Friday, September 10, 2010

Small World Syndrome Hits Shanghai

Last night, we went to hear the London Symphony Orchestra play in the Shanghai Oriental Arts Center. Joe had noticed the concert on a website before we moved, and we would never have this kind of opportunity in the States, so we were looking forward to the concert: Bernstein Symphonic Dances from West Side Story, Liszt Piano Concerto #1, and Rachmaninov Symphonic Dances. Amazing and chop-wrenching repertoire, and our seats were perfectly placed to see the keyboard and hear every note from the stage below, especially the power and precision of the brass section (lead trumpet is 22 years old). We really got our money's worth, as the pianist gave two encores (Chopin Etude in E flat and Satie Gymnopedie #1) and then the orchestra gave three (Dance of the Buffoons, a Chinese piece very popular with the audience, and... wait for it... Star Wars)! It was thrilling from the first note, and I was amazed to be hearing such a great orchestra and proud to be from the country that produced Bernstein.

Our friends the Giffords were there, because one of the violists from the orchestra is also the piano teacher to the Gifford children. We weren't sitting with them, but we talked to them before the concert and they asked us to come with them after the concert to meet the violist, so we agreed. By the interval (called the intermission by us common folk), we were looking for food and drink of any kind, but nothing was available, to my surprise. However, we discovered that meeting the violist involved getting on one of the orchestra buses and riding over to the hotel with the players post concert. In addition to the violist (Caroline), we met a violinist (Colin) and a cellist (Jenny), all of whom spoke to us as if it were perfectly natural to have strange Americans on the bus. We got to hear the story of the orchestra's flight over, when an oil light came on over Holland. Without the ability to check the dipstick right there, the flight was returned to London Heathrow, where the orchestra sat for the rest of the day. The funny part is that the concert tour is sponsored by Rolls Royce, and the engine that blew was, you guessed it, a Rolls engine. What sort of karma is that?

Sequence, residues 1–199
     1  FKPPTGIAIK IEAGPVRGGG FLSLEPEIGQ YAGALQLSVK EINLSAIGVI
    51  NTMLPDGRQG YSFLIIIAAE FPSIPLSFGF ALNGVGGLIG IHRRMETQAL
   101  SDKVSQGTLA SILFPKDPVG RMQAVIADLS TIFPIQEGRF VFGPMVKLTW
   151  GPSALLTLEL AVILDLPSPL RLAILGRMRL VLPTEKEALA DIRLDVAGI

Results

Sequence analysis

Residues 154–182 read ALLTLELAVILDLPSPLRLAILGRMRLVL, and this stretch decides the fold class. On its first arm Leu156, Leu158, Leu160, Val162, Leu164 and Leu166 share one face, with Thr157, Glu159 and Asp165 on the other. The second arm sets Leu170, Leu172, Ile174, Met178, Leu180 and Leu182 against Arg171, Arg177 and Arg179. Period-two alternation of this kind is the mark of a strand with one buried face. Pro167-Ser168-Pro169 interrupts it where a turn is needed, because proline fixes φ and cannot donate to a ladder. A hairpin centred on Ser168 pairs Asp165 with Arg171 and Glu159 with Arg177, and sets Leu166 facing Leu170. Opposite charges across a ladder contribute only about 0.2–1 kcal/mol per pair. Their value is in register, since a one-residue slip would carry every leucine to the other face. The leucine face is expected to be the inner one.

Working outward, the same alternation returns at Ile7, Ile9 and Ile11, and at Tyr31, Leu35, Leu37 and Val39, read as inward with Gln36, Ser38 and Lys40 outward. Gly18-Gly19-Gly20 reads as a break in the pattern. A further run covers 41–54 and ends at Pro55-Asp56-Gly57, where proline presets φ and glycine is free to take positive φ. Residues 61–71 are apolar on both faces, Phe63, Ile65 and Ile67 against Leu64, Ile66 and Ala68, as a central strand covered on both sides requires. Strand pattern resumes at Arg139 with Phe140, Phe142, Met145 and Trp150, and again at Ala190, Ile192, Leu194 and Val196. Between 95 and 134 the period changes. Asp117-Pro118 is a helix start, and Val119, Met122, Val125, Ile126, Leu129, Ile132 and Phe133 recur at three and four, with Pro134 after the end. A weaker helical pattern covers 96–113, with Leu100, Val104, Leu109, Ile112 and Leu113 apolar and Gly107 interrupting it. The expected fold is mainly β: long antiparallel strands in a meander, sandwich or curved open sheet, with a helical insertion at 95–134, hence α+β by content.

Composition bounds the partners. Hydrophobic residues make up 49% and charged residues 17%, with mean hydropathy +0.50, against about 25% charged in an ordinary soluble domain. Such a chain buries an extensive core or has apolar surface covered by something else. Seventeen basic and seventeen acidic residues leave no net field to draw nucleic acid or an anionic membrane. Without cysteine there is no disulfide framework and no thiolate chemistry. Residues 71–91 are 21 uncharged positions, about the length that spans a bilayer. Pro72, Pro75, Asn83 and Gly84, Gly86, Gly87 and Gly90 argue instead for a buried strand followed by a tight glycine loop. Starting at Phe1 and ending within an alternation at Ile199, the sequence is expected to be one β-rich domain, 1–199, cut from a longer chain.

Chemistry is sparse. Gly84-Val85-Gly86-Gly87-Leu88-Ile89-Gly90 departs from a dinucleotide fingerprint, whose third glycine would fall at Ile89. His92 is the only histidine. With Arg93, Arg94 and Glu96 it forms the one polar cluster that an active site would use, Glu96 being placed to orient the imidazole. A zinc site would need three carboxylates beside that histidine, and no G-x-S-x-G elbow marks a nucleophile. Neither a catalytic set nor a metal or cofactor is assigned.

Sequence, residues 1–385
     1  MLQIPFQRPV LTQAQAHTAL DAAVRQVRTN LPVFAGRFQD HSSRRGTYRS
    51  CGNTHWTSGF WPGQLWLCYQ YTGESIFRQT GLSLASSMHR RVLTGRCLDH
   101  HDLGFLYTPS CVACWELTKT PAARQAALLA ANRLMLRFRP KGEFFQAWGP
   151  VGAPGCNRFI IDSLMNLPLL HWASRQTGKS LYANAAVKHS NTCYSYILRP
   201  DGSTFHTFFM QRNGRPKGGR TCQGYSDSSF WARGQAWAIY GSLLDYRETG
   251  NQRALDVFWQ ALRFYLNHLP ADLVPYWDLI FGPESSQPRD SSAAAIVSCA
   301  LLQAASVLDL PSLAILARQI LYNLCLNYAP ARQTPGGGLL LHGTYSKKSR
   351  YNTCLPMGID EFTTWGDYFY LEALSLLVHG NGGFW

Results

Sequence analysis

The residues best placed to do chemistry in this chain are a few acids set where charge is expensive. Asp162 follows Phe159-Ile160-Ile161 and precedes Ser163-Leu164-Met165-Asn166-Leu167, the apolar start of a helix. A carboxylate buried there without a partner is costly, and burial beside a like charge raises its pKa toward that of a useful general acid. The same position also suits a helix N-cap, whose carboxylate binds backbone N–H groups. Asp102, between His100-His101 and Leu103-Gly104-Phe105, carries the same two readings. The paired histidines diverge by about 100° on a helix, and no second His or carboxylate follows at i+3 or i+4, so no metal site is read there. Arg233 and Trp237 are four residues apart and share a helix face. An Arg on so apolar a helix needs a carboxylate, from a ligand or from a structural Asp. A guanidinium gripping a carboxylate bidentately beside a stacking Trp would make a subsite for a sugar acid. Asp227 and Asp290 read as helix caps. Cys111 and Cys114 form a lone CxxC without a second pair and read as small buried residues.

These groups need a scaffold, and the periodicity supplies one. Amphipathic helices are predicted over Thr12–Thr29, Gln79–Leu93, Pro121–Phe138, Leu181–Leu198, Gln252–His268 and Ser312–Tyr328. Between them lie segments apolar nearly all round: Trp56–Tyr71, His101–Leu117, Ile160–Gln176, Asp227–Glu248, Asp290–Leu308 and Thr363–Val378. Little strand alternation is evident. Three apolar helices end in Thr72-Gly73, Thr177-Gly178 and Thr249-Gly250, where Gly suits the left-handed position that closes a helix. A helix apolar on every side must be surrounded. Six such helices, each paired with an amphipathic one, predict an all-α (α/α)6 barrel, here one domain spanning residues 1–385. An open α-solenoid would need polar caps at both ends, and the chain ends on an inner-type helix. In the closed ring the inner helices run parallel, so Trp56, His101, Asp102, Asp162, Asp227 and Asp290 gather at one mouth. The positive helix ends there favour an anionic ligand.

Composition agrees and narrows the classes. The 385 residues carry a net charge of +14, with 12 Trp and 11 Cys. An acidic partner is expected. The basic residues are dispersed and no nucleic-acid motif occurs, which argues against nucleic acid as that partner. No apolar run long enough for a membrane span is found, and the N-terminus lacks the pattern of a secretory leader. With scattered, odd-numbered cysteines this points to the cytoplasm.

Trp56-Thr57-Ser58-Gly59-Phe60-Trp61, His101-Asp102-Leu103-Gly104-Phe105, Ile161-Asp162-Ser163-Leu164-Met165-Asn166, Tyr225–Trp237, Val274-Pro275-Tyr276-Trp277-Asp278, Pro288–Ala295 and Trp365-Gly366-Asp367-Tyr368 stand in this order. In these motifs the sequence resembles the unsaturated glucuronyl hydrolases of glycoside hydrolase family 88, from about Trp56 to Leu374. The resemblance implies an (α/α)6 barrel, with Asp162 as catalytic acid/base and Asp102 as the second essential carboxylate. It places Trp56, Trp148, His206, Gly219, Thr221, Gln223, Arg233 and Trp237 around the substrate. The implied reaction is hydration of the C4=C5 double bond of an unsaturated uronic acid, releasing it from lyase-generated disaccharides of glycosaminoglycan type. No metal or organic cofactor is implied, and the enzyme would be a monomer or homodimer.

Upon arrival at the hotel (after I slobbered over both the principal clarinet and the principal bassoon), we went up to Caroline's room with Colin and found a great spread waiting for us, including lovely English cheddar, which is a great delight in this land of unbelievably sub-standard cheese. While we munched on cheese, grapes, chocolate, drinking either Chinese wine or Earl Grey tea (from the real country - Caroline believes in bringing her comfort food), we were joined by Nigel (violin), Jenny (cello) and Dick (viola). While chatting about this and that, Colin asked where we lived and when we told him about Flagstaff, he said he had been there to visit a violinmaker. Well, there's only one in Flag, so I mentioned Jeff's name, and all of a sudden, Colin didn't seem like a stranger at all. When we also mentioned our friend David (former LSO horn player), the room erupted with people who knew him, and somehow we were then among friends. The evening went until well after midnight, and Joe and I were pinching each other to be sure this was really happening. If you had told us a year ago that we would be partying with the LSO and talking about the next time we might get together, we'd never believe you, but this is China, where unbelievable things happen all the time.

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